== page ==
• If you are suing on the basis of defective merchandise or faulty repairs, it may be very helpful to have an expert witness testify on your behalf. You might present a notarized written statement from an expert concerning the nature of the defect and the decrease in value due to the defect. However, if it becomes necessary to go to trial, you’ll have to get the witness to testify in person. Full-time mechanics with several years of experience qualify as experts.


Going To Court

After your claim is filed, the court will probably set a date to review the facts in your case. Many small claims court cases are settled at this time, so come prepared to argue your case. All cases are heard by a circuit court judge and will be decided by the judge if both parties cannot reach an agreement.


Collecting the Judgment

  • If you win the case, ask the court to include court costs and any money you spent as part of the settlement. The court can require reimbursement for such fees as: the money paid to file the action, the cost to have the summons and complaint mailed or personally served, and any attorneys’ fees.

  • A judgment will be entered in court stating what the opposing party owes you. In many cases, the opposing party will pay the judgment immediately. In other instances, you may find it necessary to take further informal action or consult an attorney who can proceed with more formal legal steps to collect the debt. The court will not force the defendant to pay what is owed you.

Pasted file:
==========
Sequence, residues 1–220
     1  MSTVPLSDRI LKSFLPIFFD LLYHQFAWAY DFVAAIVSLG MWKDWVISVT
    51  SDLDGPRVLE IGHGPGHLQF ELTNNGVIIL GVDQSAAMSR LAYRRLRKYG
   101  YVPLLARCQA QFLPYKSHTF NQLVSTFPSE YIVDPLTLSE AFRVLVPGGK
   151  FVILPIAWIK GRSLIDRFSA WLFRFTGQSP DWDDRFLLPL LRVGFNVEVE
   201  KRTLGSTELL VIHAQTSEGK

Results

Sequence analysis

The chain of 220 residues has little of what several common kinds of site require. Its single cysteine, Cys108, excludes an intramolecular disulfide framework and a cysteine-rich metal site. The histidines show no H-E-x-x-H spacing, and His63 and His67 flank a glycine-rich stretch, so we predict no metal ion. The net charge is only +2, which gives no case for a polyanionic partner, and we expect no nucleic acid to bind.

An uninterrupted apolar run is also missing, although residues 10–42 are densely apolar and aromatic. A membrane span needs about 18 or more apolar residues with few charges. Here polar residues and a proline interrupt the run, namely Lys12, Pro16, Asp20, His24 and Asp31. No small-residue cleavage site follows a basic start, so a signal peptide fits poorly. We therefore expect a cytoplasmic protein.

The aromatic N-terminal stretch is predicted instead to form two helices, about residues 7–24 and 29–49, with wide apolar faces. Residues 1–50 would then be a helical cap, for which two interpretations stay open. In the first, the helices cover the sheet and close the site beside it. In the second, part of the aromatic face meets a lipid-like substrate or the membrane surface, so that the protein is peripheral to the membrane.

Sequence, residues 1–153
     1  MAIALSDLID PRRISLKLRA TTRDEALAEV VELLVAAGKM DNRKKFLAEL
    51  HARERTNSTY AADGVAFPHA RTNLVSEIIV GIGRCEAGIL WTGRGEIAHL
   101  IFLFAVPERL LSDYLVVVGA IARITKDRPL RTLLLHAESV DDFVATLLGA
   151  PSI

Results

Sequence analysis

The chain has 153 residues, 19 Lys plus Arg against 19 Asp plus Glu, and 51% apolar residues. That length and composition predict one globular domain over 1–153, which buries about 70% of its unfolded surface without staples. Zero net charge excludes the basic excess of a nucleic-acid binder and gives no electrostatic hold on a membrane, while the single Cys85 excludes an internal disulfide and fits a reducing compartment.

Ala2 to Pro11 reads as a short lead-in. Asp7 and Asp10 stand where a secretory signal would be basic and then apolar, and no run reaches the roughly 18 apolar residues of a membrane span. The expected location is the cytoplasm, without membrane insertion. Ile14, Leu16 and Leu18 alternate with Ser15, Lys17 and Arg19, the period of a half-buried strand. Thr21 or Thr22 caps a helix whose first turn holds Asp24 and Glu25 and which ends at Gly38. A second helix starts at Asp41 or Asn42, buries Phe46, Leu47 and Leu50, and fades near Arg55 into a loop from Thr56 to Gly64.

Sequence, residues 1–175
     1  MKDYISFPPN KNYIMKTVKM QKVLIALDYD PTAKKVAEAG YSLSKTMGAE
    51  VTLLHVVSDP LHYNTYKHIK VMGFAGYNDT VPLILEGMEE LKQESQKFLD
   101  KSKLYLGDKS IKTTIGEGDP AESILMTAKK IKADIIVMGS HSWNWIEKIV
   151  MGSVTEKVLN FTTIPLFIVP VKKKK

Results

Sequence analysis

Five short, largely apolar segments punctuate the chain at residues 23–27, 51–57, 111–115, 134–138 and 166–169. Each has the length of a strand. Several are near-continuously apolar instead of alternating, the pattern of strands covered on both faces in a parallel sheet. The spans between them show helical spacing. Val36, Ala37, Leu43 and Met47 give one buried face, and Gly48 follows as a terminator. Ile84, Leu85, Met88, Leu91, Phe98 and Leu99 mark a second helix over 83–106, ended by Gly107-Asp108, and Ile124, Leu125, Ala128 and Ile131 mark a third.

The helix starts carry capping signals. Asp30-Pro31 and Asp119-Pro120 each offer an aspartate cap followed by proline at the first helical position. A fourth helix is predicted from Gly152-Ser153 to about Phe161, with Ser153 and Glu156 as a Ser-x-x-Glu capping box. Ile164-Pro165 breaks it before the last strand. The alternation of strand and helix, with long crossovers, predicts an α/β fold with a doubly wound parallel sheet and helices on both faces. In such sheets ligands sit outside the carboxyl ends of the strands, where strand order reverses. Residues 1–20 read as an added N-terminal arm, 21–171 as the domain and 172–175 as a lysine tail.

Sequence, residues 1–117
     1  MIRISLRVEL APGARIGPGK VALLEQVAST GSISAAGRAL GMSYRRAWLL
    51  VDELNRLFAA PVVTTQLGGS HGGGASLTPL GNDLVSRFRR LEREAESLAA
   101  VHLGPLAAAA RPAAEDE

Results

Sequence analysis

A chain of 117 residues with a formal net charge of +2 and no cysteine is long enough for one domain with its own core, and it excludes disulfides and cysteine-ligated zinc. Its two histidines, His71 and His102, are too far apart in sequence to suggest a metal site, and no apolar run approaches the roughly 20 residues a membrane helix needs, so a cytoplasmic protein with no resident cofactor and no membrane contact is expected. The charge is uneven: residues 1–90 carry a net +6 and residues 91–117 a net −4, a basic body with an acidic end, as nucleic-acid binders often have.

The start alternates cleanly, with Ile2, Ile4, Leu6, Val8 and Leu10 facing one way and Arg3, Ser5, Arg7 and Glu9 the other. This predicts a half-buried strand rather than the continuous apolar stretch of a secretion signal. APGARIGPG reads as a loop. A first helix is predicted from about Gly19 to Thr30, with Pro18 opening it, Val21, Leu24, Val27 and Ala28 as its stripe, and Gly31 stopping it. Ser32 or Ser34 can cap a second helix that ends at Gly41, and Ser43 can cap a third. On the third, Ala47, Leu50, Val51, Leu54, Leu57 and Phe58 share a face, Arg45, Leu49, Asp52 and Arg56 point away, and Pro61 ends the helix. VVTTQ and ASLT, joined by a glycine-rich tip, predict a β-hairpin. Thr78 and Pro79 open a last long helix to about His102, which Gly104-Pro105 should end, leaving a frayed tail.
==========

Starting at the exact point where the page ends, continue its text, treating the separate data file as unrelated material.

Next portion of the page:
• The court will order the debtor to provide a disclosure statement to you or to the clerk of the court within 15 days of entry of the judgment. The statement must contain the debtor’s name and address, his or her employer and the employer’s address, any real property owned by the debtor, cash on hand and financial institutions in which the debtor has funds.

  • If you are unable to satisfy the judgment by contacting the other party, contact the clerk of the court that heard your case. From the clerk, you can obtain the forms necessary for garnishment proceedings–if the other party receives wages or has bank accounts


Remember, there is always the possibility that the small claims court will not rule in your favor. Carefully consider all your options before proceeding with a lawsuit. If you do decide to bring a lawsuit in small claims court, prepare carefully to increase your chances of success.